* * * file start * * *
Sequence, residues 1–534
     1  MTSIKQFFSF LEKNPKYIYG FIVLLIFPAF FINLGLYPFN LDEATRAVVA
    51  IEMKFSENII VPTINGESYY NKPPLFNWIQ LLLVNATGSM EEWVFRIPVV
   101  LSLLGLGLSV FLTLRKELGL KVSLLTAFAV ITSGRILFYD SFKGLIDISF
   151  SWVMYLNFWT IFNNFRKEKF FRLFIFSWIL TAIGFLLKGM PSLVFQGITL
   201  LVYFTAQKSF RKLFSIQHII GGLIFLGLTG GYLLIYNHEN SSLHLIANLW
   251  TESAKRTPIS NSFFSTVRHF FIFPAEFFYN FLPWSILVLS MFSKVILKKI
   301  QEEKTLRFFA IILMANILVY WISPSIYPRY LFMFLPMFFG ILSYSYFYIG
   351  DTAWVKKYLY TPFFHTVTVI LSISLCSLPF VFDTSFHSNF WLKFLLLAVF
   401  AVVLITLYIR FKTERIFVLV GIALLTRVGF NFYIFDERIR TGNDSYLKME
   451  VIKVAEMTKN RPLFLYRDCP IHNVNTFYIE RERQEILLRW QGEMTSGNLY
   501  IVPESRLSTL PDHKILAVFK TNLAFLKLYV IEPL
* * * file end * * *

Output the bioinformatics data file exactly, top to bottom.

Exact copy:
Sequence, residues 1–534
     1  MTSIKQFFSF LEKNPKYIYG FIVLLIFPAF FINLGLYPFN LDEATRAVVA
    51  IEMKFSENII VPTINGESYY NKPPLFNWIQ LLLVNATGSM EEWVFRIPVV
   101  LSLLGLGLSV FLTLRKELGL KVSLLTAFAV ITSGRILFYD SFKGLIDISF
   151  SWVMYLNFWT IFNNFRKEKF FRLFIFSWIL TAIGFLLKGM PSLVFQGITL
   201  LVYFTAQKSF RKLFSIQHII GGLIFLGLTG GYLLIYNHEN SSLHLIANLW
   251  TESAKRTPIS NSFFSTVRHF FIFPAEFFYN FLPWSILVLS MFSKVILKKI
   301  QEEKTLRFFA IILMANILVY WISPSIYPRY LFMFLPMFFG ILSYSYFYIG
   351  DTAWVKKYLY TPFFHTVTVI LSISLCSLPF VFDTSFHSNF WLKFLLLAVF
   401  AVVLITLYIR FKTERIFVLV GIALLTRVGF NFYIFDERIR TGNDSYLKME
   451  VIKVAEMTKN RPLFLYRDCP IHNVNTFYIE RERQEILLRW QGEMTSGNLY
   501  IVPESRLSTL PDHKILAVFK TNLAFLKLYV IEPL